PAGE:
What Happens to My Range of Motion After Spinal Fusion?

What Happens to My Range of Motion After Spinal Fusion?

Spinal fusion surgery provides long-term pain relief for patients with chronic and recurrent back or neck pain due to injuries, degenerative conditions, and other spine problems. In fact, the number of spinal fusion surgeries has increased substantially over the years, especially among older patients.

At his practice in San Leandro, California, Kenneth I. Light, MD, uses spinal fusion surgery for patients with specific spine conditions that don’t respond to conservative treatment options. The techniques and technology he uses help ensure optimal results.

Spinal fusion basics

As the name implies, spinal fusion surgery fuses, or joins, two vertebrae together. The surgery is recommended for patients with pain caused by friction and inflammation that’s exacerbated every time you move your neck or back. 

Some of the most common causes of movement-related pain include:

During spinal fusion surgery, Dr. Light fuses the problematic vertebrae together using bone grafts, screws, pins, or plates. After surgery, most patients — including athletes — may be able to return to their regular routines within a few weeks, thanks to the advanced techniques he uses.

Spinal fusion and range of motion

The goal of spinal fusion is to immobilize the part of your spine that’s causing pain. It’s natural to wonder if that means your spinal mobility and flexibility in that one area of your spine will be affected following surgery. As to how much flexibility you might lose, the answer is: It depends.

Most spinal fusion surgeries involve fusing two vertebrae together. But if your issue is more extensive or severe, you may need to have additional pairs of vertebrae fused together. More extensive fusions are associated with a greater decrease in movement in your spine.

The area of fusion also makes a difference. For instance, in your lower back, the L4 and L5 vertebrae provide most of your range of motion. If these vertebrae are fused, you might lose a little more range of motion compared to a fusion of other vertebrae in your lower back.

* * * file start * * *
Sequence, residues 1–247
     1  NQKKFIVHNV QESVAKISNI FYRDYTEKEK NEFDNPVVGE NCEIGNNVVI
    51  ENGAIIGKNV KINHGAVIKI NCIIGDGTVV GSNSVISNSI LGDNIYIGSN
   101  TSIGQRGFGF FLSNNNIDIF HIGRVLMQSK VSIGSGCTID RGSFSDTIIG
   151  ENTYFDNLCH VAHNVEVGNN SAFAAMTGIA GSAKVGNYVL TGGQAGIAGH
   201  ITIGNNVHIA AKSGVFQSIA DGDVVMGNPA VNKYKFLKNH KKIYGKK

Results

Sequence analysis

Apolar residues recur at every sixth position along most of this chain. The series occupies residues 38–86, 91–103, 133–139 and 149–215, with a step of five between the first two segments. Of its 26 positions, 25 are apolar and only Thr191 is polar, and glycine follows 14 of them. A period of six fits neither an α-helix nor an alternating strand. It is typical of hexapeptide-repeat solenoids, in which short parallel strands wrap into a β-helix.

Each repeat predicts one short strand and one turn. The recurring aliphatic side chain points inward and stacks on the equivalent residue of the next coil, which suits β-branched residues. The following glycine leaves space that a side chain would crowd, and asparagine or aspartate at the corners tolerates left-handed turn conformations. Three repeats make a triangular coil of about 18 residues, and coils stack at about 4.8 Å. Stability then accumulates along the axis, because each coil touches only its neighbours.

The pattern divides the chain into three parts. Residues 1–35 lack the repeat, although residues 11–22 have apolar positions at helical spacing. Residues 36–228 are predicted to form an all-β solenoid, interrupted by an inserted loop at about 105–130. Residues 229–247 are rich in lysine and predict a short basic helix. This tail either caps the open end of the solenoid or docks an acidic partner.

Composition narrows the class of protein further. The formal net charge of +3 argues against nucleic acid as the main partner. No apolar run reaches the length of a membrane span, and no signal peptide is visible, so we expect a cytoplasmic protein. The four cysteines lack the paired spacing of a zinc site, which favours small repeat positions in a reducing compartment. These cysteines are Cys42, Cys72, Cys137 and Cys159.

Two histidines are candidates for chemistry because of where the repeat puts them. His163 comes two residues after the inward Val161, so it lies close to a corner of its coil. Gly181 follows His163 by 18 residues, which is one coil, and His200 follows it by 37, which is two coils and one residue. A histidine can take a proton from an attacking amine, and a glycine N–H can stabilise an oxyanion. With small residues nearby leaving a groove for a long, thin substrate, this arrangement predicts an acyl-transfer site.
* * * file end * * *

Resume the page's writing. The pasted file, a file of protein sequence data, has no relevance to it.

Your range of motion following surgery is partly dependent on how flexible you are prior to surgery. Patients who have good flexibility before surgery typically preserve more of that range of motion after surgery compared to someone who is very stiff and inflexible before spinal fusion.

Bottom line: While some spinal fusion surgeries may result in a slight loss of movement, most patients can resume their regular activities without trouble.

Get rid of nagging spine pain

When thinking about range of motion, there’s another important factor to consider. By the time you’re a candidate for spinal fusion, there’s a good chance that the pain you’re experiencing is already limiting your movement pretty severely. 

Spinal fusion can help restore some of your range of motion by getting rid of debilitating pain that prevents you from moving. Plus, relieving your pain means you can enjoy a better overall quality of life.

Don’t let back or neck pain limit your enjoyment of life. To learn more about spinal fusion surgery and how it could help you feel better, request an appointment with Dr. Light online or over the phone today.

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